Steadfast in Dormancy – Revisions

Original after colour correction.

Recently, I mentioned a couple of my photography redos. While I’m at it, I’ll show one more.

One of the photography blogs I really enjoy following is Brian Gaynor Photography. Brian recently posted a shot of a small tree in a snow blind setting. He titled the post “Break in the Landscape”. It’s a beautiful landscape image that reminded me of a maple that I shot in February 2008 during an ice fog.

This isn’t exactly an image made out in the woods. My wife and I were actually driving around the countryside, looking for interesting rural scenes to capture. I wasn’t focussed on nature photography. We had made a few stops but eventually we came across this tree in a field. I got her to stop the car and I made my way closer to what I was seeing. As she saw what my attention was directed toward she exclaimed that she saw it too.

It was such a bright and exceptionally cold winter day that ice crystals hung in the air making nearly everything in sight foggy yet glowing at the same time. There were no human, domestic or wild animal tracks visible, no man-made obstructions abound, not even a bird on the branch. Other than a small forest off to my right, this little maple was completely isolated in the elements.

The first B/W version.

The second I saw this tree as we drove by, I was struck by the dichotomy of impressions that welled up in me from looking at it. The scene almost looked like a lost and lonely child, yet strong and independent as it braved the cold. The vision gave me warmth. I was observing not just a sight but a moment in nature and time. Like any artistic photographer, I strived to capture that moment. Relying on carefully selected manual settings, “Steadfast in Dormancy” was the result. Out of all my nature photography, it has become a bit of a favoured image with people looking for photographic art.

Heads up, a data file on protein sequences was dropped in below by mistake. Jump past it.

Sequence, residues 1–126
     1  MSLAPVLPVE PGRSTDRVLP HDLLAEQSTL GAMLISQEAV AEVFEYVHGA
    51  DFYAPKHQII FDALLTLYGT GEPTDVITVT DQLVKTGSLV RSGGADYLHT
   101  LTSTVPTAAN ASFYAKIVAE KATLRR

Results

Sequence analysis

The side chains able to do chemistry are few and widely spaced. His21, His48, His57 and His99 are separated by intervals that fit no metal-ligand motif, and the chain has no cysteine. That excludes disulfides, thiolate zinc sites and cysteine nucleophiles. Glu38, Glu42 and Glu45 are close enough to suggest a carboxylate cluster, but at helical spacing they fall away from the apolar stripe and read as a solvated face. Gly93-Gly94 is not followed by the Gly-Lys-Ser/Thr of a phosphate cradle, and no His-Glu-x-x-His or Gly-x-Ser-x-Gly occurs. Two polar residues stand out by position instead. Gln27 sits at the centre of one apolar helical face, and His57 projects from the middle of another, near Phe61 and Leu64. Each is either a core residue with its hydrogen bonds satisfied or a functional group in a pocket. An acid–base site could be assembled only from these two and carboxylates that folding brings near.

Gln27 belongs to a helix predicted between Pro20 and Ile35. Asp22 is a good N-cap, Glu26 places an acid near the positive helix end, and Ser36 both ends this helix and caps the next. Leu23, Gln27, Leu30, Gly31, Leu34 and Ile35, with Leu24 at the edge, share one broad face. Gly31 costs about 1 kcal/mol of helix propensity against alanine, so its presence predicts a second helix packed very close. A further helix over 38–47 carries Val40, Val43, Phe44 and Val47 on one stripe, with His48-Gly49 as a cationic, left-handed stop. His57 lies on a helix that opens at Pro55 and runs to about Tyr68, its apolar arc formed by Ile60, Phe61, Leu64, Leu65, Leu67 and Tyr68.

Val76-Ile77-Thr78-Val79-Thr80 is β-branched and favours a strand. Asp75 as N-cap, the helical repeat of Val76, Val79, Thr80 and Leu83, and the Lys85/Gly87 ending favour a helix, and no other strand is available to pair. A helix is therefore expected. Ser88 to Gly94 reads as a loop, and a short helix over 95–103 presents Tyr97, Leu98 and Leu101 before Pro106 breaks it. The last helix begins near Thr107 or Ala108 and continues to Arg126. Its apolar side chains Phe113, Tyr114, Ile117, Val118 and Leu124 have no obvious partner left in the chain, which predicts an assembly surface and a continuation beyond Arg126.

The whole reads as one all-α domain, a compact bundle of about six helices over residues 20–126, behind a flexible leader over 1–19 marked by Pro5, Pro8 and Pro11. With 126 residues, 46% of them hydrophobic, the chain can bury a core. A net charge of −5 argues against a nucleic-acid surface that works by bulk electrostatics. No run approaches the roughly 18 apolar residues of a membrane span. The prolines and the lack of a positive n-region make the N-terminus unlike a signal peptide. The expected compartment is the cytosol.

I wound up writing a poem in response to the experience of seeing this little tree in the bitter cold, and tried to convince myself for a very long time to be satisfied with making and displaying one B/W version of the image but I have never been truly happy with the rendition that I had let others see; which is the first monochrome version.

At the top of this post is the original after colour correction. Nobody has seen this version until now. The only version that some have seen is the first monochrome rendition that my wife fell in love with, framed and hung in our dining room, and that others have purchased prints of.

I did also prepare a second B/W version with increased contrast that is the most like Brian’s image but I never let anyone see it either until now because I don’t like the way it negates too much of the natural ice fog effect.

The second B/W version.

Brian responded to my comment on his page, and asked to see my picture. So here it is in all three current versions.

It might not be in keeping with the title of this landscape piece, and the poem that I wrote but I’m open to hear critique. What would you think I should do this improve this landscape piece?

The world is a cold place, as everybody knows.
It’s so difficult to stand on your own.
Sometimes you must sleep deep to regain your strength.
Even worse, is when you can weather the harshest season
But others see you and assume that you are incapable.

Do not waste time and energy seeking their validation.
Find it within yourself to stand strong.
Even while you sleep, your senses must remain awake.
Prepare to blossom
When spring comes around.


26 thoughts on “Steadfast in Dormancy – Revisions

  1. I actually can’t decide between the monochrome one you have on your wall and the original colour corrected version. There is something about the tonality of that one that I really like – partially because the gound is a bit more evident. Both are great.

  2. I prefer the original after colour correction. In the BW versions the background blends to much into the foreground, but in the original you can catch a glimpse of the fine line that separates foreground/background.